- Ray Bradbury: His formal education never went farther than his high school diploma.
- Dan Brown: He graduated from Phillips Exeter, his high school, and continued into Amherst college.
- Meg Cabot: She attended Indiana University. She made a point not to study writing there because a young man, whom would later become her husband, said that, "studying creative writing as a major sucks the love of writing out of you ". Taking his advice she studied studio art instead, however she did take a few workshops in creative writing.
- John Grogan: Went to Central Michigan University and graduated with a double major in English and Journalism.
- Daniel Keyes: After he finished his service in the U.S. Maritime Service, he Graduated from Brooklyn college with a B.A. in Psychology.
- Stephen King: Graduated from the University of Maine with a bachelors in English. He wrote a weekly column for his college newspaper while he studied there.
- Jean Kwok: After moving to America from Hong Kong, Jean attended Harvard and graduated with honors in English and American Literature. She went on to get a masters in fine arts at Columbia.
- Stephenie Meyer: Graduated from Brigham University in Utah with a bachelors in English.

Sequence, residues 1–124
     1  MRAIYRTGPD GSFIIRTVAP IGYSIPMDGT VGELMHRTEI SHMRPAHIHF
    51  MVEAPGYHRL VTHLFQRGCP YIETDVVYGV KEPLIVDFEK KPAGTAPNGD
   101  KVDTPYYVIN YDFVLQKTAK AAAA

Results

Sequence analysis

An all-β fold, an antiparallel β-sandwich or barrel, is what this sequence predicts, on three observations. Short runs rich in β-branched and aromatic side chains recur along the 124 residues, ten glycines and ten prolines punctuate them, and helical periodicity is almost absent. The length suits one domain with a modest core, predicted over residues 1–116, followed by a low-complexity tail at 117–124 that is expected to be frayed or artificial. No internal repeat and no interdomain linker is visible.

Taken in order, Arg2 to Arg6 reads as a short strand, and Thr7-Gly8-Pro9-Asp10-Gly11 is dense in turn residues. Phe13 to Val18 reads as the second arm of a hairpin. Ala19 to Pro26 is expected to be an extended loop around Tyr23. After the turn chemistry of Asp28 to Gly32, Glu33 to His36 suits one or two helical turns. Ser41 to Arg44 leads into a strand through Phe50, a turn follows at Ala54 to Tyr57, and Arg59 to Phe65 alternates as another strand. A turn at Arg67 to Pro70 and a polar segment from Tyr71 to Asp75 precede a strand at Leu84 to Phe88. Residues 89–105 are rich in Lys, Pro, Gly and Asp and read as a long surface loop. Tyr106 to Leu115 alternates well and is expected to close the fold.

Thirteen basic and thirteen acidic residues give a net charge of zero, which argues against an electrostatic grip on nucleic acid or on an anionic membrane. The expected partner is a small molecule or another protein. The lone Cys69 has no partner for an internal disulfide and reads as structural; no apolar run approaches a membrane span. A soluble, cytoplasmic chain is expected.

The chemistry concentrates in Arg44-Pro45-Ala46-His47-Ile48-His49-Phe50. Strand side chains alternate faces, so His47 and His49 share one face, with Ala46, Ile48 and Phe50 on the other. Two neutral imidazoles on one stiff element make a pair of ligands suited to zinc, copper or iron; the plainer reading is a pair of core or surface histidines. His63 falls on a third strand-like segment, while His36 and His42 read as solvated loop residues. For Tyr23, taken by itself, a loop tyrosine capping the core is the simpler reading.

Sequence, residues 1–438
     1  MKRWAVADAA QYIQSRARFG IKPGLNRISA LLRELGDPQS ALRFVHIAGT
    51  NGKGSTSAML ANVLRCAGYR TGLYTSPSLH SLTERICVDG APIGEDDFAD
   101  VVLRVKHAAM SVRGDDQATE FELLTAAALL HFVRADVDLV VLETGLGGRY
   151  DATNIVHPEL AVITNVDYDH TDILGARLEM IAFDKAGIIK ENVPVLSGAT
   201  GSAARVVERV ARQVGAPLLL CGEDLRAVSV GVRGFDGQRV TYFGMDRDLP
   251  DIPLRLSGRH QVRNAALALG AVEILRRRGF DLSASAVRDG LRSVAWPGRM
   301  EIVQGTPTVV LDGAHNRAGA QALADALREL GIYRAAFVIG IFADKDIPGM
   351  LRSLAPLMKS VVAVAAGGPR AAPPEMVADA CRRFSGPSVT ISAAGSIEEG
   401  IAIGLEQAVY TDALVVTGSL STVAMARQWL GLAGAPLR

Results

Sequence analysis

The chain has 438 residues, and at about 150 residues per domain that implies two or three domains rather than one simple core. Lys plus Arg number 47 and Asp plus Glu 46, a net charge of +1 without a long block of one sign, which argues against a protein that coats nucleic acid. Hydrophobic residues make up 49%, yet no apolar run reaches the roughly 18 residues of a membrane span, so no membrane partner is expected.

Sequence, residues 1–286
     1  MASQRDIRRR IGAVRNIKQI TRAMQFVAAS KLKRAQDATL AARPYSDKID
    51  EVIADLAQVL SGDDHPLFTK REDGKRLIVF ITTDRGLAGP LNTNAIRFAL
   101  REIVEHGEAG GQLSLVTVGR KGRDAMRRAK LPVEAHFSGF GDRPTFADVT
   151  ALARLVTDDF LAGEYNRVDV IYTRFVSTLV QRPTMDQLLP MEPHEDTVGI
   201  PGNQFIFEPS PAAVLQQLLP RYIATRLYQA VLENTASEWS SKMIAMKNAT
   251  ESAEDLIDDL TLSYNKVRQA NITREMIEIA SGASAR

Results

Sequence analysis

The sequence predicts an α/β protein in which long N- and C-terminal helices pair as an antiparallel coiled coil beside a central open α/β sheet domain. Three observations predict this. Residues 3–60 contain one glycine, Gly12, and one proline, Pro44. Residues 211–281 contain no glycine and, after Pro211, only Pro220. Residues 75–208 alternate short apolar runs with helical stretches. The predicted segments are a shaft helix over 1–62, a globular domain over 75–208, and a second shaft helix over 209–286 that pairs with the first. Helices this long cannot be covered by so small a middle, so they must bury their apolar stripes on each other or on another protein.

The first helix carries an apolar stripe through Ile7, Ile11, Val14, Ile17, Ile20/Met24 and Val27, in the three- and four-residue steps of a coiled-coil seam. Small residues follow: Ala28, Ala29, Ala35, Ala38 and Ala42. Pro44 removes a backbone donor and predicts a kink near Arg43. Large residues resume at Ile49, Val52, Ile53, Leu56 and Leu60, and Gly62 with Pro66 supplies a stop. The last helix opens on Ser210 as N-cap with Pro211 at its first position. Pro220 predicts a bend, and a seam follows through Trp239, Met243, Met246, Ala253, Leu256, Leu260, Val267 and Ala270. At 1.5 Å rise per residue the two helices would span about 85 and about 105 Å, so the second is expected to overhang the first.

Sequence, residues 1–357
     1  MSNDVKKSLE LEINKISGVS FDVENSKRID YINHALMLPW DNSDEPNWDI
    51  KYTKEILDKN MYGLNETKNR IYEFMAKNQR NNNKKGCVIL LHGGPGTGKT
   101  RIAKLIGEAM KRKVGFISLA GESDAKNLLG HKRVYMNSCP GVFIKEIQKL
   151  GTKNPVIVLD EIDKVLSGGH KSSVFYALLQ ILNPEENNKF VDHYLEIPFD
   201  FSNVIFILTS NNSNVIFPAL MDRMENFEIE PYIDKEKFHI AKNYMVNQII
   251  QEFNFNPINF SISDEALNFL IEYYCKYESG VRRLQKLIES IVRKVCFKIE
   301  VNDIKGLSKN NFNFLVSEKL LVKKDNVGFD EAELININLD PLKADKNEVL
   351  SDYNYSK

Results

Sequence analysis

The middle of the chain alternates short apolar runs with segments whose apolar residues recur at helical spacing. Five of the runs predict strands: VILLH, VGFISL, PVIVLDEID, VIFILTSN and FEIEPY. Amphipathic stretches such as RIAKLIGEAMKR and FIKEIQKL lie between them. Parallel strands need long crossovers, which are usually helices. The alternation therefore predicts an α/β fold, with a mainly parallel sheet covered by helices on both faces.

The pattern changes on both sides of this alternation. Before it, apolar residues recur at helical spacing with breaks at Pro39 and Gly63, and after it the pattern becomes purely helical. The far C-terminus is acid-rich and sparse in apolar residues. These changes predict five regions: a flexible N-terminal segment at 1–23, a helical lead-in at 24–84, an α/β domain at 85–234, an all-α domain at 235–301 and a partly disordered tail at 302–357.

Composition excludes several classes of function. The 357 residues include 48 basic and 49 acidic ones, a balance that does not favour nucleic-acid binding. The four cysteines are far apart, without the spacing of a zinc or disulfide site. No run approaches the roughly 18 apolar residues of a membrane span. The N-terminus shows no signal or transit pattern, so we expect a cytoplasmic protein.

- Jodi Picoult: Studied Creative writing at Princeton, then continued to get a masters in education at Harvard.
- Nicolas Sparks: He graduated from his high school as valedictorian. Then he went to Notre Dame on a track scholarship and majored in Business finance.
Of course, there are many more writers, but from the lot we have there is an array of stories. However, English seems to be the most popular. Though school and learning the technicalities of writing is important, learning through life is even more important. Even in the strangest fiction, life is the basic subject matter. (I already wrote about learning through life in my post An Education). Ray Bradbury, mentioned above, is very adamant about this also calling himself a "student of life". Yet you can be a student of life and a student of the book simultaniously. It's just that the value of learning from what's around you is often overlooked.No writer is the same as they come from so many different types of backgrounds. What you choose in your education will affect that. In the end, I believe it doesn't matter what you get your degree in, so long as it's something you enjoy and if possible practical. Because you do need some means to pay for your writing habit. The diploma on the wall, whatever it may be, won't get you published. It's the things you learn and apply to your writing that will.